10-11-2017 06:57 AM
I have 4x2Gb DIMMs newly installed in my Dell Precision T1500, but the BIOS (and OS, Linux 64-bit) are only reporting 4Gb.
DIMMs are all identical:
They all work individually.
BIOS (v1.0.1) reports them as DDR3 SDRAM Dual Channel, 133x10
The only way to get 4Gb is 2x2Gb in DIMM1 and DIMM3 slots (blue and black), which doesn't make much sense to me. Any other configuration is either ignored or won't boot.
10-11-2017 09:37 AM
@johnlevon Thanks for contacting us today. I am sorry to hear you've been experiencing issues with the Dell Precision T1500. It looks like the issue may be caused because of the system requiring a BIOS update. I would suggest checking Dell's site for the latest BIOS. Please let me know if this resolves the issue for you or not.
02-16-2018 10:21 AM
Well, I finally got around to upgrading the BIOS to Dell's latest (2.4.0), and it made no difference. No combination I can find will get the BIOS to see any more than 4Gb.
02-16-2018 04:23 PM
I would blow compressed air across the memory slots in case they have some dust or dirt in them. Examine the slots and pins within the slot for any contaminants. Make sure the DIMMs fully snap into place.
I would also unplug the computer and remove the CMOS battery for a while in case the BIOS settings have become corrupt. Then I would reinstall the CMOS battery, enter the BIOS and load the defaults & reconfigure the date & time....Save & Exit then reboot again to check on the memory. If the date & time are still correct, then you need to wait longer before reinstalling the CMOS battery.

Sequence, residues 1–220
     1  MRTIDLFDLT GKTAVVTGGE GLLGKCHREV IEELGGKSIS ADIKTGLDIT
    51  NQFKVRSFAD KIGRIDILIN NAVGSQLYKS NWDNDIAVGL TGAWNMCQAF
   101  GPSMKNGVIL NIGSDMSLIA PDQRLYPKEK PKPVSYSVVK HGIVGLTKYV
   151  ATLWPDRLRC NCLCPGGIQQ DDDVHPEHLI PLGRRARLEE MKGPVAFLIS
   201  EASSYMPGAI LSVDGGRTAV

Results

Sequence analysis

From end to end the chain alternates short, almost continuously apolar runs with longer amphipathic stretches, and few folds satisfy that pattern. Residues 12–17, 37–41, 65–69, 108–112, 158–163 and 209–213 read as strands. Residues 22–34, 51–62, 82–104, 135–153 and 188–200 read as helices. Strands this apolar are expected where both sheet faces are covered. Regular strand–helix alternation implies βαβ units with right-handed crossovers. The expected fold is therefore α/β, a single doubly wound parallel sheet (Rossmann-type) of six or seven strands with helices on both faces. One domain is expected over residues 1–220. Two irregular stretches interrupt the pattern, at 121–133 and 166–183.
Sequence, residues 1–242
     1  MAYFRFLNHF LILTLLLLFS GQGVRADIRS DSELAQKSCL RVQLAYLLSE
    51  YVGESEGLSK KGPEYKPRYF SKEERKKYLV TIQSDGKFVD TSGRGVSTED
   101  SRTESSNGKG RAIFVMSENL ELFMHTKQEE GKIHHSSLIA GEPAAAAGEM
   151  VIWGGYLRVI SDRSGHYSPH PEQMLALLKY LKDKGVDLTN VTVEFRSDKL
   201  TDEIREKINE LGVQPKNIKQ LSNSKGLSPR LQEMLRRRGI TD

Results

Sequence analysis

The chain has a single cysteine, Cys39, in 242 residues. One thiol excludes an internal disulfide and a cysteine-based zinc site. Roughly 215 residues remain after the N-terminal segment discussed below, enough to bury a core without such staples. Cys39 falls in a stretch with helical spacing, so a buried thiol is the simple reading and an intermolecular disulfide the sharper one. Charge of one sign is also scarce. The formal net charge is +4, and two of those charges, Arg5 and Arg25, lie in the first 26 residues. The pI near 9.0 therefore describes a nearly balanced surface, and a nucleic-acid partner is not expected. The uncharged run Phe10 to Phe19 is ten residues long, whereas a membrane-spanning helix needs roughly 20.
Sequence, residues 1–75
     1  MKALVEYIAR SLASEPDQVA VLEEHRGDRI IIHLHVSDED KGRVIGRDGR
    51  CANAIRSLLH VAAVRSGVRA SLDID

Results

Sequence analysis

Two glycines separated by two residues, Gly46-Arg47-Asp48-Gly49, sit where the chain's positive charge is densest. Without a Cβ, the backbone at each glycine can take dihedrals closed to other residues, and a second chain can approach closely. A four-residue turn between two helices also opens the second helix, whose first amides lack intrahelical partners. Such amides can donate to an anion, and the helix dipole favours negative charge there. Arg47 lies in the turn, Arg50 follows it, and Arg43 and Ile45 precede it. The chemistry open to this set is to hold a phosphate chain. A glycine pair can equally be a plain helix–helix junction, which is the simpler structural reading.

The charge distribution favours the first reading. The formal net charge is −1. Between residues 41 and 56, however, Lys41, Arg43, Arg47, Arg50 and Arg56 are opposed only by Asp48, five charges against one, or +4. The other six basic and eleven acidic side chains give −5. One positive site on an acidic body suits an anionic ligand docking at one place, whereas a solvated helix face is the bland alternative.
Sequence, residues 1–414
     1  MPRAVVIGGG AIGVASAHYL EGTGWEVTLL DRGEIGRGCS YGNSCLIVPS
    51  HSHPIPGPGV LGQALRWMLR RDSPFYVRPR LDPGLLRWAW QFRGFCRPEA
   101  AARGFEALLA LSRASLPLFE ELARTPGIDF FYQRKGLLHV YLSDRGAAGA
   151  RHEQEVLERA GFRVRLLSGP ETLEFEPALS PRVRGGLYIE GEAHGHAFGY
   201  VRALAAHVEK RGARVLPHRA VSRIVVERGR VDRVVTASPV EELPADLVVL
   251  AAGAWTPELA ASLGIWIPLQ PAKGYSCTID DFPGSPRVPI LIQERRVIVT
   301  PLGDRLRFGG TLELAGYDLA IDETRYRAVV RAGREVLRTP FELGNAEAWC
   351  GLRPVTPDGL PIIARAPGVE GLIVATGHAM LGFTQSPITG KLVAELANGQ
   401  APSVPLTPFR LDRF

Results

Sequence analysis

I would then take one stick and try it in each of the slots. I don't know if it will be recognized properly when installing out of order, but it is worth a try to determine if each slot is functional on their own.
If you still have your original memory, reinstall it to see if it still works properly. If it does, then keep it & try installing the new memory in the remaing slots.
Some people have mentioned removing the CPU and checking it for bent pins. Some have had success just reseating the CPU. Be very careful doing this if you've never done it before. Sometimes the heatsink will pull the CPU out of the socket. Sometimes running the computer first to heat the CPU may soften the heatsink compound and make it easier to remove the heatsink. If you don't have any new thermal compound to use, then make sure to put the fan/heatsink back on in the same orientation. (When the heatsink is removed, some of the thermal compound will stick to the heatsink & some will stick to the CPU. If you don't refresh the compound, then you want to match it so the bare areas on the CPU match the area on the heatsink where the compound stuck.) Also hold the CPU by the edges. The CPU is keyed to only fit one way, so make sure it is oriented correctly or you will damage the pins. Look at some videos as a guide.
Double check the labels on each stick and make sure they all match.
Does the computer show any errors during POST or any error LEDs with all the memory installed?
If nothing works, it appears you may have a defective motherboard (or possibly CPU).